Buddy Holly Tribute – Surf Ballroom (Clear Lake, IA)
I bought my first drum set at a pawn shop in Lubbock, Texas. Answering an ad looking for a drummer, I soon met Paul Waters, a young man who bore a striking and deliberate resemblance to Buddy Holly. He came to my door lugging a Stratocaster and a scrapbook filled with pictures of him onstage in the full Holly regalia: suit, ascot, and those bookish glasses. There were also shots of him leaning over Buddy Holly’s grave with what I swear were tears in his eyes.
We eventually formed a band and played Holly songs around the clubs and barbecue joints of Lubbock. After the shows, we would end up at Holly’s gravesite with a six-pack of beer and some friends talking about the crazy night we’d had. That band eventually disbanded and I returned to my hometown of Houston, where I formed Sixgun, a rockabilly band with Brent Wilson on guitar and Jimbo Wallace on standup bass. We performed at the Buddy Holly Convention in Lubbock. It was there I met Buddy’s father and mother and performed “True Love Ways” with Maria Elena Holly sobbing in the front row. It was a moving experience and it made me proud to be a Texan.
At this gathering, I also met Monte Warden, who later become the singer in the Wagoneers, a band Brent and I joined upon moving to Austin. The Wagoneers performed Holly’s “Ting-A-Ling” in every set and encored with “Down the Line”; in 1995, we reunited to record the latter tune for the Austin Country Nights compilation on Watermelon Records.
I first visited the Surf Ballroom on April 13, 1996, my 35th birthday. I was now on tour playing snare drum with Junior Brown. We were opening for the Mavericks; it was their bass player Robert Reynolds, a fellow Holly-phile, who suggested the tour play a date at the Surf. It is one of the most sacred stages in all of rock ‘n’ roll, for once upon a time in 1959 it was graced by three young boys who would change the face of popular music forever. They performed as entertainers on that cold night in February, but by the next morning they would become a holy rock ‘n’ roll triumvirate.
Reynolds suggested we put together a band and return to perform at the annual Buddy Holly Tribute the following January. That notion sat on the shelf until our year-long tour was over, at which point we called the Surf and informed them we were interested in playing their party. They told us the bill was full, but given our enthusiasm, they were kind enough to make room for us on January 31, the Friday night before the sock hop. Now that the invitation had been extended, the next step was to assemble a band and transportation up to the frigid fields of Iowa.
The band was a crew of friends and musicians who all shared an affinity for Holly’s music. I enlisted Brent Wilson from the Wagoneers days to play guitar. Mandy Barnett, the velvet voice of Nashville, auditioned by singing “True Love Ways” over the phone to me. With Robert playing acoustic, we enlisted the fabulous Mark W. Winchester to play standup bass. Robert brought along Jerry Dale McFadden, also from the Mavericks, as well as Kenny Loveland, a guitarist and songwriter from his childhood — the only person he knew in Miami who loved Holly.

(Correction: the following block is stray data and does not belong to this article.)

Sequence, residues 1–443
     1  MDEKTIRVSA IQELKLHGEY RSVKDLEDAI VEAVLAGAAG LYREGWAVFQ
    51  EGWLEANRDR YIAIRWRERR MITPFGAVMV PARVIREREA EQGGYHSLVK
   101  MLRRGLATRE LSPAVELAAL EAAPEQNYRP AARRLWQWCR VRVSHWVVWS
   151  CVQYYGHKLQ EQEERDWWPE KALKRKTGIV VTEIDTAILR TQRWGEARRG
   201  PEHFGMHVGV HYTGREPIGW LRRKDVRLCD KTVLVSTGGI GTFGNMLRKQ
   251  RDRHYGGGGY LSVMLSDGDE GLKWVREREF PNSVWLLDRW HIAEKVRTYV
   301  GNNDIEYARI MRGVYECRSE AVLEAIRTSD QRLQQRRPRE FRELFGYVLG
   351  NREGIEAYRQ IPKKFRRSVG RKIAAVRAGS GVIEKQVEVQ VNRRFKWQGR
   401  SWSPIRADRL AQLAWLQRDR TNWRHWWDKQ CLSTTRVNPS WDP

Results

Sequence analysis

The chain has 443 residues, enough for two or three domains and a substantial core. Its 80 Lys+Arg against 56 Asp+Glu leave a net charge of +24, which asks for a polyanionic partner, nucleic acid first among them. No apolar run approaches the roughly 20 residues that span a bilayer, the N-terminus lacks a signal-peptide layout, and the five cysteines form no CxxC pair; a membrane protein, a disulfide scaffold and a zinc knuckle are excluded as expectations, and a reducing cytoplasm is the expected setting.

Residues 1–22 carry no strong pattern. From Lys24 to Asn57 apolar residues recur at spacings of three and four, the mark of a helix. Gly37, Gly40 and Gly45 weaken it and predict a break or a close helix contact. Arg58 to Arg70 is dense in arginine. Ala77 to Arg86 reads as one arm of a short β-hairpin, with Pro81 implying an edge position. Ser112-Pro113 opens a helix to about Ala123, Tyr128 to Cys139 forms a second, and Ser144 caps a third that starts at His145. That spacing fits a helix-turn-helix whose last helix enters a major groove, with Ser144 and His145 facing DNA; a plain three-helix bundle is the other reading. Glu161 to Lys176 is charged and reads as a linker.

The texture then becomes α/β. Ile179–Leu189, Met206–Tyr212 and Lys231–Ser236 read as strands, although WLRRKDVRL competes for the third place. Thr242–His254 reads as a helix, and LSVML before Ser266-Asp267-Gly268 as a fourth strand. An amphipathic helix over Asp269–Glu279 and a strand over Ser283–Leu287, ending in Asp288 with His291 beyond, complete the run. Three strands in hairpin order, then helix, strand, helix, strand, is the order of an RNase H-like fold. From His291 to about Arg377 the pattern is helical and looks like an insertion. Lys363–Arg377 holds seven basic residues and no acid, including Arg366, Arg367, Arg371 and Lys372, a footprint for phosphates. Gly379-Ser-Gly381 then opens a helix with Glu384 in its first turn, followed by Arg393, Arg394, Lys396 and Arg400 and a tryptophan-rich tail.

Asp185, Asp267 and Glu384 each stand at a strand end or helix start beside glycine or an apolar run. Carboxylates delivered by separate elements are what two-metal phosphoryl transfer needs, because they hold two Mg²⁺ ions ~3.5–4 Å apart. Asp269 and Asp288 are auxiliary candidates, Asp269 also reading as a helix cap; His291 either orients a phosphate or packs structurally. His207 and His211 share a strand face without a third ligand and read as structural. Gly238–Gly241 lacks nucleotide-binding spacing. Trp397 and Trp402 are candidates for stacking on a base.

With the band complete, we rehearsed on a Thursday and left that night. We pulled up to the Surf on Friday afternoon. The ballroom was filled with booths of Holly memorabilia: pictures, T-shirts, posters, scrapbooks. There were few young people in attendance; it was mostly middle-aged couples paying their respects for a time since past. Gray-haired women in poodle skirts and overweight men in leather jackets with cameras around their necks prevailed. On the walls were pictures of Buddy Rich and other big-band greats who played the Surf in its postwar heyday. I also saw a picture of Paul Waters performing at a Holly tribute some years before. He still had the ascot and those glasses. The phone booth where Richie Valens and Holly placed their last calls, the steps where Holly sat after his set and signed autographs all remained the same. And the stage — that was what we came to stand upon. Flanked on both sides by palm trees, it stood four feet high but seemed much larger, knowing whose shoes we were there to fill.
We took the stage at 7 p.m. Starting off with Brent singing “Blue Days, Black Nights”, we quickly went into Robert’s rendition of “Think It Over”. The crowd was receptive but still a bit inhibited. Eyes fixed on Robert; they were seeing members of the Mavericks and Wagoneers, not hearing the music of Buddy. After all, we were the new kids at the party and they wanted some time to check us out. Next, Kenny sang a rousing version of “I’m A Gonna Love You Too”. Then we brought out Mandy. From the first note of “True Love Ways”, the audience melted toward us. Her beautiful voice was the perfect match for such a captivating song. When she finished, a wave of chills ran up the back of my neck. Then she moved into a rocking version of “Rave On” that sealed our acceptance. After we finished the set with some songs we all loved — “Reminiscing” , “Tell Me How”, “Maybe Baby”, “Ready Teddy”, “Not Fade Away”, and “It’s so Easy” — the crowd gave us a wild, screaming encore, and we gladly returned with a rocking version of “Peggy Sue”.
An incredible feeling of elation permeated the dressing room immediately after the set ended. We all felt a great accomplishment at having surpassed our musical goal. That Surf Ballroom dream I had been carrying ever since my Lubbock days came true. I finally had played those songs on that stage to a crowd who appreciated the music the most. They were there because of their love for the boy and the music he created.